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Shortcomings of Rating

In recent years one could observe a mass proliferation of all kinds of ratings and applying their results to many activities in our life, often without full understanding how rating are collected and what shortcomings they have. I do not pretend to cover all problems with ratings, but will describe a few.

First of all, when I say ratings I imply a request to express a personal opinion on some matter. This leaves, for example, credit ratings out of this topic. Ratings I am referring to aim at collecting personal preferences. Ratings come in many different flavors. For example, in the Internet ratings come from “Like” in Facebook, to “Thumb up” and “Thumb down” in YouTube, stars, X’s, numbers and so on. In real life, you could see, for example, a request to fill out surveys on a customer service call or just fill out some information as part of a profile creation process. Now we can talk about shortcomings of ratings.

  1. Context often is not captured. This includes things like your location, people you are with, your feelings, etc. Using this rating to “help” you will result in inappropriate advices. For example, while visiting Arizona you ranked a good ice-cream shop where one can get a good chill, but now you visit Alaska and want to find a place to eat and stay warm, and the system that studies your preferences now suggests a good ice-creamery just around the corner. The take-away from here is ratings are not solely linked to the subject being ranked. Whoever finds out a way to capture as many parameters as possible during the rating process provided that the other two problems with ratings are solved (where applicable), will be golden.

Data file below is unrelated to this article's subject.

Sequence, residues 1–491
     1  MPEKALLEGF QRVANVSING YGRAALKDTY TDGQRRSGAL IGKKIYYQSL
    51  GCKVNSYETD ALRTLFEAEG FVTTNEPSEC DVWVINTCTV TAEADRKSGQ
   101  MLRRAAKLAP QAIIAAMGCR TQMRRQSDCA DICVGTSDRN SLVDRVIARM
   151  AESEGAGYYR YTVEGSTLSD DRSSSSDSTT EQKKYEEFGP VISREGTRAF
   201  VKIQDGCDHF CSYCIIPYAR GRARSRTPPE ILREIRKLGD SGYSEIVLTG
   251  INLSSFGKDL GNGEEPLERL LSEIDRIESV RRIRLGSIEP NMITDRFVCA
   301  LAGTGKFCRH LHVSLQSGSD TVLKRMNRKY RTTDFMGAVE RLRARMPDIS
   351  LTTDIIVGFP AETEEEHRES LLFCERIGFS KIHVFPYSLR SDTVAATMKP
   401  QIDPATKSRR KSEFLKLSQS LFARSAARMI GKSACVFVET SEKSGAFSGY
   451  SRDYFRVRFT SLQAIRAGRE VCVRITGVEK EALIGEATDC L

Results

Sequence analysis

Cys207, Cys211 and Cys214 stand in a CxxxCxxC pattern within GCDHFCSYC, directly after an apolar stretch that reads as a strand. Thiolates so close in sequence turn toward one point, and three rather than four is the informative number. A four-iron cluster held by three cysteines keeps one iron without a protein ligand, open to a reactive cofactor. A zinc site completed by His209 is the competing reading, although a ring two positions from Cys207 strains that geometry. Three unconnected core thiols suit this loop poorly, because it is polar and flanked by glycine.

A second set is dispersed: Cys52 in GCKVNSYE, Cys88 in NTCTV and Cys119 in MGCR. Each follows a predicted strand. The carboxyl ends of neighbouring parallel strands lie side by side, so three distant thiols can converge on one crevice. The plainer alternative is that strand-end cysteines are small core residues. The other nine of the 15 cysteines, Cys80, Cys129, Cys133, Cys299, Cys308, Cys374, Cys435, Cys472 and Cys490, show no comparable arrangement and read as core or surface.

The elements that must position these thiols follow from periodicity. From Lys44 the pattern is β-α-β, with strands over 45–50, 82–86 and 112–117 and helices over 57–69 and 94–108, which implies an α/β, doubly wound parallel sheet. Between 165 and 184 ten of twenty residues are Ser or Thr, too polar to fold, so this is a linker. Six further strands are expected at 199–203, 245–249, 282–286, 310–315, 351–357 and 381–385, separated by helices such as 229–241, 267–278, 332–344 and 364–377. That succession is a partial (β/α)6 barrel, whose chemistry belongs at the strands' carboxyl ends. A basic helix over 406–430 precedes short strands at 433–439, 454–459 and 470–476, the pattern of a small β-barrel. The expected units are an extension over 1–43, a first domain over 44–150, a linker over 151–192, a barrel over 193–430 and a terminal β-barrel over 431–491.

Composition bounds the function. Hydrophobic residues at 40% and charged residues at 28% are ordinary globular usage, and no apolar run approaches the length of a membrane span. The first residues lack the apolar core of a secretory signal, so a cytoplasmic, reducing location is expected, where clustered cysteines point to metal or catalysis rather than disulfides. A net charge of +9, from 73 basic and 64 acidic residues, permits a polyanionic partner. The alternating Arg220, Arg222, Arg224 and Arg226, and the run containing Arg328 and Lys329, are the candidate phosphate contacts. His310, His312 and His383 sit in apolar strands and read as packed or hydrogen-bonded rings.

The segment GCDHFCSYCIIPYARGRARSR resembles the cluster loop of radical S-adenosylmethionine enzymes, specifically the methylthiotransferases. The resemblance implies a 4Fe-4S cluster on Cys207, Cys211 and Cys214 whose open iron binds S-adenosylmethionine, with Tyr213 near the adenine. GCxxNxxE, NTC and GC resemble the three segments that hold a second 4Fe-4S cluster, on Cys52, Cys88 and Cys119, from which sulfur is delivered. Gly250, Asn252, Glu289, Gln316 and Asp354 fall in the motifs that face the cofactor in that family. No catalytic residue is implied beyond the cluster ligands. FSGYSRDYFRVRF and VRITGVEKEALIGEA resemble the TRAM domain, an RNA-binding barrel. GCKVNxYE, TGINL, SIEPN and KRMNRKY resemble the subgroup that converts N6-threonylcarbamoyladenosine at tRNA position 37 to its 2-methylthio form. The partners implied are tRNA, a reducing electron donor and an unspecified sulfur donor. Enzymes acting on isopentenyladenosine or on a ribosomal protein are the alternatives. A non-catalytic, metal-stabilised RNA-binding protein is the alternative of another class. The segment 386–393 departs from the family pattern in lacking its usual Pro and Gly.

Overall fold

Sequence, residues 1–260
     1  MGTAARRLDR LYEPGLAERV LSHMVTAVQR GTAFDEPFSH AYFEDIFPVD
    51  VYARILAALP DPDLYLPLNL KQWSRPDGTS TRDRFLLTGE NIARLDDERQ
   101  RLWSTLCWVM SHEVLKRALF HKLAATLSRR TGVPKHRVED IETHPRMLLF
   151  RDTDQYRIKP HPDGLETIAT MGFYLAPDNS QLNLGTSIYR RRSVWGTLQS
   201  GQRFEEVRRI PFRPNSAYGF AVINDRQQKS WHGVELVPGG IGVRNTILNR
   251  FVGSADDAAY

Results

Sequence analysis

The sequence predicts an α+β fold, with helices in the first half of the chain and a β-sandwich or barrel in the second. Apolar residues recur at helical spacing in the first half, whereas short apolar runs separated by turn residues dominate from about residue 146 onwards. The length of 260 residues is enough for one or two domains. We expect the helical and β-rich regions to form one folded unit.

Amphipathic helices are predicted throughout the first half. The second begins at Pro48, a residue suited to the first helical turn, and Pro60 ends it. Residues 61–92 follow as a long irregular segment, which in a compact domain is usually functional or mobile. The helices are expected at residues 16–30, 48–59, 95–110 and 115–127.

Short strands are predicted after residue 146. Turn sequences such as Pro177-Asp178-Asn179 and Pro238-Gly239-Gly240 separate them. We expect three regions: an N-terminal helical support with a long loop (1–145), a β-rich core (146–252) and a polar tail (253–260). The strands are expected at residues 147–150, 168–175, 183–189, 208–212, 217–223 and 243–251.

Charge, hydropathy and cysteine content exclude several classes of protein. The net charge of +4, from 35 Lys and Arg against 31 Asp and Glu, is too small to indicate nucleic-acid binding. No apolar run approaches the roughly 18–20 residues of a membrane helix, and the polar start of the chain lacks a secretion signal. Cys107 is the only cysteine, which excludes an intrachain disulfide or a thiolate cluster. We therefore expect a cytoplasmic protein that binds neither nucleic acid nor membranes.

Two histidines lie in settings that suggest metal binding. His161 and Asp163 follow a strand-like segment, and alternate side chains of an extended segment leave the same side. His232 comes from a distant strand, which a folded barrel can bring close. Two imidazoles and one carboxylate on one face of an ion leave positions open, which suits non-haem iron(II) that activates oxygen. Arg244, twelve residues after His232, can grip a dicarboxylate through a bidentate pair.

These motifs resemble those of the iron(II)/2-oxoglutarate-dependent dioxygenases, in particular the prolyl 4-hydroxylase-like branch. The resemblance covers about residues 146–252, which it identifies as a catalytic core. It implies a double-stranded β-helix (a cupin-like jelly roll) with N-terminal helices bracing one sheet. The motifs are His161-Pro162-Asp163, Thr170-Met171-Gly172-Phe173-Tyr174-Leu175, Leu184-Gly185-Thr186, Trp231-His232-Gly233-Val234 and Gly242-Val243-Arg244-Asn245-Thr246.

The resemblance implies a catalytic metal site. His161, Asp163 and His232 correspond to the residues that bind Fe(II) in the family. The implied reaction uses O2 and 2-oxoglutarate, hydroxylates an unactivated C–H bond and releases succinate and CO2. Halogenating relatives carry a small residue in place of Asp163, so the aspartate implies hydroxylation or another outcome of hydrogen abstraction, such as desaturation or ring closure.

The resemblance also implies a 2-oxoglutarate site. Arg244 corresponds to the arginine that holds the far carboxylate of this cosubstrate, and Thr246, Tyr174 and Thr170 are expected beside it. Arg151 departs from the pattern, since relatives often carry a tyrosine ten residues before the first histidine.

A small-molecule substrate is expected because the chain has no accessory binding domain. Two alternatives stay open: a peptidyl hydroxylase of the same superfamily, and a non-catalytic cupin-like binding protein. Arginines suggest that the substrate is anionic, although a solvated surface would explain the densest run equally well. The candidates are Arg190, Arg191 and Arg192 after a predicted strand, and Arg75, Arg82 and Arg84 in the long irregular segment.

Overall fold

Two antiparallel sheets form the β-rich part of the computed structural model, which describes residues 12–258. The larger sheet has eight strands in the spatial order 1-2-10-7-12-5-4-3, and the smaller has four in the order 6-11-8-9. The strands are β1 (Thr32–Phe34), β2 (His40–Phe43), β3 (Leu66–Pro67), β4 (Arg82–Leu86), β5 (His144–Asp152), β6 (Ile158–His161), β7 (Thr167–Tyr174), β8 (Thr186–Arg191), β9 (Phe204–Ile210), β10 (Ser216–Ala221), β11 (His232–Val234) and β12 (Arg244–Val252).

2. Effort is not taken into account. This is my favorite. A typical example. You call technical service and it takes 1 minute to solve your problem. The next thing the technical service does after your call is it sends a survey “How did we handle your support call?” that requires 15 minutes to fill out. As you can imagine, not many people would respond to those surveys. In most cases, technical support in these cases will receive very few responses “Met expectations”, if any.
  3. Incentives to cheat. This one is difficult, but an example will help. Management of the building where I lease an apartment every once in a while sends a survey “How do you like living here?”. The problem is this is a large company that uses every bit of information to maximize its profits. So, if I respond “I like it”, next time when time comes to extend my lease, I may see a higher number in my new lease than, for example, in case if I reply “I hate it and plan to move out”. This is also known as perverse incentive in economics.

Because of these problems, ratings/feedback collected in many cases is useless and do not show the true picture. What other problems with ratings did I miss?

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